We live in an age of essential oils, supplements, and health trends. It can be hard to determine what’s good science and what’s junk science. One thing we do now for sure, though, is that vitamin D is important. We aren’t sure exactly why, however, because there are limited studies, but as time goes on, we’re learning more about how this vitamin affects humans. One new study indicates it could impact a person’s fitness level.
Released in October 2018, the study examined cardiorespiratory fitness, which measures how efficient the heart and lungs are at giving oxygen to your muscles during workouts. The higher your cardiorespiratory fitness, the greater your ability to exercise harder and longer. The study looked at around 2,000 adults (20-49 years old, both men and women) who took a treadmill test, and compared their cardiorespiratory fitness with their vitamin D levels. The results? Those with higher vitamin D levels had better cardiorespiratory fitness. In fact, with each 10-point increase in vitamin D, the person’s cardiorespiratory fitness measurement went up by 0.78 points.
There are a lot of other factors at play, so researchers looked at the participants’ age, sex, race, health history, and more. However, even after those adjustments, those with the highest vitamin D levels enjoyed better cardiorespiratory fitness levels. It even applied to those who smoked, had diabetes, or hypertension. This study provides strong evidence that vitamin D affects the body’s ability to get oxygen to muscles during exercise. If your vitamin D levels are good, you’re more likely to be in good shape.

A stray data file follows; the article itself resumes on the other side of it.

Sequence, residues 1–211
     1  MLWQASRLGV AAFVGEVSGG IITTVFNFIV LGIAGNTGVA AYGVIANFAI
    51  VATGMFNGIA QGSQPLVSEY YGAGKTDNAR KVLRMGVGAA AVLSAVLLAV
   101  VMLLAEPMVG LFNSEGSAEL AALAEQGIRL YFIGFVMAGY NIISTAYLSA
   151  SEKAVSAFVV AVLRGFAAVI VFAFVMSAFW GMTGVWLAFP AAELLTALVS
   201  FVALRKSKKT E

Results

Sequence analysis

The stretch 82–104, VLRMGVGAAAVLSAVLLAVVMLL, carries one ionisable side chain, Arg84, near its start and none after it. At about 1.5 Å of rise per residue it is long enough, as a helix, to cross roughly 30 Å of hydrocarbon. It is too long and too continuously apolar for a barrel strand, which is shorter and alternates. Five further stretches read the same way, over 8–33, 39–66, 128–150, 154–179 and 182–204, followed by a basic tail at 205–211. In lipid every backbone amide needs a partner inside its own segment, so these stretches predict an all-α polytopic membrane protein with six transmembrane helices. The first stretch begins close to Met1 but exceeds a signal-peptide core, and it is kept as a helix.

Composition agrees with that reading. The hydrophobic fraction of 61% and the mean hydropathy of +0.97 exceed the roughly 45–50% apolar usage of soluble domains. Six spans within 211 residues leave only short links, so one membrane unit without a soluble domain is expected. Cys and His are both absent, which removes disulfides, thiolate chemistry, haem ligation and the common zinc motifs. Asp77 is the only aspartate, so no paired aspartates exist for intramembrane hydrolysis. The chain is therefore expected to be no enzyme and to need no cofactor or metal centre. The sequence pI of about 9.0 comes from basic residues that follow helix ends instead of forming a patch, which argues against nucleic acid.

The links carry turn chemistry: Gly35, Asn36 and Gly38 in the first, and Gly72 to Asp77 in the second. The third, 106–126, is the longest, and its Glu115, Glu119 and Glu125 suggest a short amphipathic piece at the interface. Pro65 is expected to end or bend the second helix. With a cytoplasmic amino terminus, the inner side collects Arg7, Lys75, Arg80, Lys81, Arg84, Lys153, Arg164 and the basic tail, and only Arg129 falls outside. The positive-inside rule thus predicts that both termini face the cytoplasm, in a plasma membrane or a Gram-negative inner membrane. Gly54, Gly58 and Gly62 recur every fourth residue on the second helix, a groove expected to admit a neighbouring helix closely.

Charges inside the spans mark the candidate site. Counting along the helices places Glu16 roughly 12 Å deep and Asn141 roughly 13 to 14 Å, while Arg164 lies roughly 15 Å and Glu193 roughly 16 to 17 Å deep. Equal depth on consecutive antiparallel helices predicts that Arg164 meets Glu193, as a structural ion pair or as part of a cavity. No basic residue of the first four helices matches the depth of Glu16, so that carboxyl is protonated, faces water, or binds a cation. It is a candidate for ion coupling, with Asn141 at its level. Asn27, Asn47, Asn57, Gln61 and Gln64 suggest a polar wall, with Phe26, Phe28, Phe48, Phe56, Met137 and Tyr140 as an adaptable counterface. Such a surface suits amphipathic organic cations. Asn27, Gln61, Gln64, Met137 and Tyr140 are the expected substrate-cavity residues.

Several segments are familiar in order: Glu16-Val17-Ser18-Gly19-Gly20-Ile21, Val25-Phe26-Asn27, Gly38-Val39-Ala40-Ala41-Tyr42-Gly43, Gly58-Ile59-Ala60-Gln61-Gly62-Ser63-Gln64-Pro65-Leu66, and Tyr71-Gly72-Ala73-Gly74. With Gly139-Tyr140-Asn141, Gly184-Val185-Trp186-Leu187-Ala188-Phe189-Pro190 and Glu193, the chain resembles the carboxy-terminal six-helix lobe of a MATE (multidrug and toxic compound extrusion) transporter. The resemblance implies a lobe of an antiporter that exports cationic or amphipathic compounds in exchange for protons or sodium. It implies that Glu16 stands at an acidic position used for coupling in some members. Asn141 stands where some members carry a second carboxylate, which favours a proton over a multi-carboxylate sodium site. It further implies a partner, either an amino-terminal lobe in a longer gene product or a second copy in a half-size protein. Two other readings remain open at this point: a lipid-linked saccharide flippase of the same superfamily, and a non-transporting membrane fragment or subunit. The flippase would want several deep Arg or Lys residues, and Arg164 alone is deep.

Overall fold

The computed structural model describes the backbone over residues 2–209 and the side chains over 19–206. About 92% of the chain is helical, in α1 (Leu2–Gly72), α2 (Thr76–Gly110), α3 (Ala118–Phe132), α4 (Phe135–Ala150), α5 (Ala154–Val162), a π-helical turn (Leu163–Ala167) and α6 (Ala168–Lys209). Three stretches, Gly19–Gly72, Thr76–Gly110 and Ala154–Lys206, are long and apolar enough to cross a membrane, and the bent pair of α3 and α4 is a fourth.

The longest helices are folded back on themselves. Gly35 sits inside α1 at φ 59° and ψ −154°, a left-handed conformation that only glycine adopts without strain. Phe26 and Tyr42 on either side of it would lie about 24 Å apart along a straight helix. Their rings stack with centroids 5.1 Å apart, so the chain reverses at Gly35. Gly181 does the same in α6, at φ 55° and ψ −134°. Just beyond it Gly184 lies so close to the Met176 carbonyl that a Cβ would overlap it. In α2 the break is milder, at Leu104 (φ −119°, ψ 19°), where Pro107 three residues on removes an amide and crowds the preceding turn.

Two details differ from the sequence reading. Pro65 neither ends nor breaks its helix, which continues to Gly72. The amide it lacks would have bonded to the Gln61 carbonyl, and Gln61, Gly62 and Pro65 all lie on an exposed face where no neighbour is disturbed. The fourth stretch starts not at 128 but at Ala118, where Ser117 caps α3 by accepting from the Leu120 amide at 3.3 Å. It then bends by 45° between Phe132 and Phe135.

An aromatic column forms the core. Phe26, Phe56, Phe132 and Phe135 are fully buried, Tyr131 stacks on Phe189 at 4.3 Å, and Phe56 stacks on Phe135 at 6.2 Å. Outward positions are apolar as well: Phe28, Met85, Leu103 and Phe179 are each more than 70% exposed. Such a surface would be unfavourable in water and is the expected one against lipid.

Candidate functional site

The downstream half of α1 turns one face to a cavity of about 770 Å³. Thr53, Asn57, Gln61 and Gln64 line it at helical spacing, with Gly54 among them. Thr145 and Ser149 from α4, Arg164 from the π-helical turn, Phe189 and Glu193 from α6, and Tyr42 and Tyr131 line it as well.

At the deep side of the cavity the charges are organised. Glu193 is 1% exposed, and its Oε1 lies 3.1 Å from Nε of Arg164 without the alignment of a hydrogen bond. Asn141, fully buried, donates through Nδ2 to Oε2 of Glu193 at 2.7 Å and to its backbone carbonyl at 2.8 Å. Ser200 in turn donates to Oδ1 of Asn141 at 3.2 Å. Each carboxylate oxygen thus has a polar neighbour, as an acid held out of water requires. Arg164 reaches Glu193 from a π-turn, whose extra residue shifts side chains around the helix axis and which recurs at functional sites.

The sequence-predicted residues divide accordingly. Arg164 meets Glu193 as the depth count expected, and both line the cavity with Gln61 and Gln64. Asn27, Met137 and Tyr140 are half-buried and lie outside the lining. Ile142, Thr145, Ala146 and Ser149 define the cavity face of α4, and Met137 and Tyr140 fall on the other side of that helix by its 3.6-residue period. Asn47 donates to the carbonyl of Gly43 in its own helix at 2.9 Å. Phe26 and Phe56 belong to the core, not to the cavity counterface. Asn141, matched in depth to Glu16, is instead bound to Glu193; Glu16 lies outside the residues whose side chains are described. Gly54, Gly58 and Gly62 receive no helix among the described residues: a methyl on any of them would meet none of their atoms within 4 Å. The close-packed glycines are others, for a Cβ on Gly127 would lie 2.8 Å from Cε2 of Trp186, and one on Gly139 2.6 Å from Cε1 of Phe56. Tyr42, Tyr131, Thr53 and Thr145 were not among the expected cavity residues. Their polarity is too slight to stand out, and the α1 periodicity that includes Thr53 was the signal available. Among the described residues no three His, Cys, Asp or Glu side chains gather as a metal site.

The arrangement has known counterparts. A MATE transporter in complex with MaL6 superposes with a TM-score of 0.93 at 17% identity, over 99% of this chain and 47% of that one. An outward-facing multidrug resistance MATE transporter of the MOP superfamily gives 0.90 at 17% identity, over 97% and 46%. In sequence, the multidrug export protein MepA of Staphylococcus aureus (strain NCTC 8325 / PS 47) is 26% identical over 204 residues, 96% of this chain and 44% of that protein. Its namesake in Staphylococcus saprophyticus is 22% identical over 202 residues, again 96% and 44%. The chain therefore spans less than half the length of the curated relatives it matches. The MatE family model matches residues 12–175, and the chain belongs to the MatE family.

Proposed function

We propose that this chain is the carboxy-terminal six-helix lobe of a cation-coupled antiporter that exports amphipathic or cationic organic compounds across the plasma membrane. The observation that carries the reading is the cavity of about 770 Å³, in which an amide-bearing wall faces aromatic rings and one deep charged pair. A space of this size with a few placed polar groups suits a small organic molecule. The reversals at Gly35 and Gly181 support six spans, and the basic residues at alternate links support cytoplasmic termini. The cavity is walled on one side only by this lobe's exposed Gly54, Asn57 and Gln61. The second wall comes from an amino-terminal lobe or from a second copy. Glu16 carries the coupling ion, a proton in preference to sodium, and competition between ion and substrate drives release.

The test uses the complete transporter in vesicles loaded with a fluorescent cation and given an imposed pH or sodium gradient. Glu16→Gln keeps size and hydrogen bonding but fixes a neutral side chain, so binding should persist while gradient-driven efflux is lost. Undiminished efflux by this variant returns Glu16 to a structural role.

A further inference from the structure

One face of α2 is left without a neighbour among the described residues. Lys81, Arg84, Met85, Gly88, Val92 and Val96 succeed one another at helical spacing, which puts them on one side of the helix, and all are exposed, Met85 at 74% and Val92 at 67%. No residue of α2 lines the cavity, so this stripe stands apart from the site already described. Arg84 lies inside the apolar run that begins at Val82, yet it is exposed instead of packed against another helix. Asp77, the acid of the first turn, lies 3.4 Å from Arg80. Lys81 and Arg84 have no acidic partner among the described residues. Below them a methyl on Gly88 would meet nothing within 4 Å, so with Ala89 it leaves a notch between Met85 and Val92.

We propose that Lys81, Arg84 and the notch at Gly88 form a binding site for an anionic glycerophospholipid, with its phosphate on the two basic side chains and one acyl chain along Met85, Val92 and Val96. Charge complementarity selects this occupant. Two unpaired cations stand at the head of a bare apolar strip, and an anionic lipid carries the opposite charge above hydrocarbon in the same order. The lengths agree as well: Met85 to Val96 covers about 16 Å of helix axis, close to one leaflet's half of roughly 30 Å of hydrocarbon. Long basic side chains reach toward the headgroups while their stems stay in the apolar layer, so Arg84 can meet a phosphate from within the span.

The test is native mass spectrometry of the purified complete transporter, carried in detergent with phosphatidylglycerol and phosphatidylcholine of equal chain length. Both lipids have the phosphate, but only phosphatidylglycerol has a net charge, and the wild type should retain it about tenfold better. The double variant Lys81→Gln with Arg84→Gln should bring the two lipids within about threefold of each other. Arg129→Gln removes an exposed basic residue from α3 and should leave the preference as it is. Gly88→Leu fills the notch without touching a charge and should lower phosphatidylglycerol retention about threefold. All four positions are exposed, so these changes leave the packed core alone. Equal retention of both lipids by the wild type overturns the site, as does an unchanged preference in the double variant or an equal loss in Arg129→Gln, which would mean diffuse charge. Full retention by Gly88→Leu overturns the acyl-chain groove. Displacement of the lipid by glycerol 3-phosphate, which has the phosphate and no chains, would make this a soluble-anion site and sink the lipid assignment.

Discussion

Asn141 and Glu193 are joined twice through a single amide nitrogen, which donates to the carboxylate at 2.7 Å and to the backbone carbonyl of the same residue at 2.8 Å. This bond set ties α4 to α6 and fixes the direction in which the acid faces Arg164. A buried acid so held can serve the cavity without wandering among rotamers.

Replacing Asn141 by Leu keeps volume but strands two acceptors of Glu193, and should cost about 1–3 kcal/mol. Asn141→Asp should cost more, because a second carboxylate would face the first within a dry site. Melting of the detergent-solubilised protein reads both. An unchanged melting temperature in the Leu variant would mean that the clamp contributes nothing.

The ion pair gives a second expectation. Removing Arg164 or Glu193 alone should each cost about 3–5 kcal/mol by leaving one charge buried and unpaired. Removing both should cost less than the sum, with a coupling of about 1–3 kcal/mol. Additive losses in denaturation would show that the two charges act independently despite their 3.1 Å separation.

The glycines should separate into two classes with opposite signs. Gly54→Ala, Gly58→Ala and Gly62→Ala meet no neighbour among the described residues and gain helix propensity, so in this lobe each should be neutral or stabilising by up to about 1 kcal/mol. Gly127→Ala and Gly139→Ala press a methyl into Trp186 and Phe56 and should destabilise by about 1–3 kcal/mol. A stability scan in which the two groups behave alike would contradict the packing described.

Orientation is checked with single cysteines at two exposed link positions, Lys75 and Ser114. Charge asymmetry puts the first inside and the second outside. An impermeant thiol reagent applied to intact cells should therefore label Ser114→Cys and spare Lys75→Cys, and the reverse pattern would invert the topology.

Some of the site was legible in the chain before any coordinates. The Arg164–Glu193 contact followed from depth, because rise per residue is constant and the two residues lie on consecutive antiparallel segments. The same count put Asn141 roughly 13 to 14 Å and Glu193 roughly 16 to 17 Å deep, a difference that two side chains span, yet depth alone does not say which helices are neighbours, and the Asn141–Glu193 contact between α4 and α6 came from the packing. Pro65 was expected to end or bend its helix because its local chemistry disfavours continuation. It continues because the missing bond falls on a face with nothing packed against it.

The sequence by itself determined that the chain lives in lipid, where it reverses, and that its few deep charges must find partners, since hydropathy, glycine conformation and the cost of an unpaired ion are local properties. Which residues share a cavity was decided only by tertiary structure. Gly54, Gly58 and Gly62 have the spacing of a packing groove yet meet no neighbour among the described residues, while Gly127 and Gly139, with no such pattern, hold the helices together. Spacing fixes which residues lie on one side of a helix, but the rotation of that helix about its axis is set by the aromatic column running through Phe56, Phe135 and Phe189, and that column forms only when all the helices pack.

This isn’t really a surprise. Older studies show the power of increasing vitamin D when you’re deficient – ballerinas were able to jump higher when they got their levels to a healthy level, while runners sprinted faster. This could be because vitamin D increases the production of muscle protein while also reducing inflammation and joint pain. Heart muscle cells contain vitamin-D receptors, allowing the vitamin to bind. A person with healthier vitamin D levels could build muscle faster and work out longer free from pain, which in turn increases their cardiorespiratory health.
Like all observational studies, this new one doesn’t represent the final word on vitamin D’s impact. However, there are still a lot of benefits like better calcium absorption and energy, though doctors aren’t actually sure what the ideal dose of vitamin D is. You can actually take too much and cause harm, though again, research isn’t clear on what that amount is. In general, just aim for “normal.” You’d probably have to intentionally take too much to overdose, since most people are deficient.
If you want to get your vitamin D levels up, first try getting outside in the sun more. Just 10-15 minutes of sunshine every other day is good enough, and you should still always wear sunscreen. In terms of food, fish is a really good source, especially cod liver oil, salmon, and tuna. You can also get foods that have been fortified with vitamin D, like fortified orange juice and cereal. If your levels are especially low, your doctor will most likely prescribe a supplement, and you’ll get enough from that.
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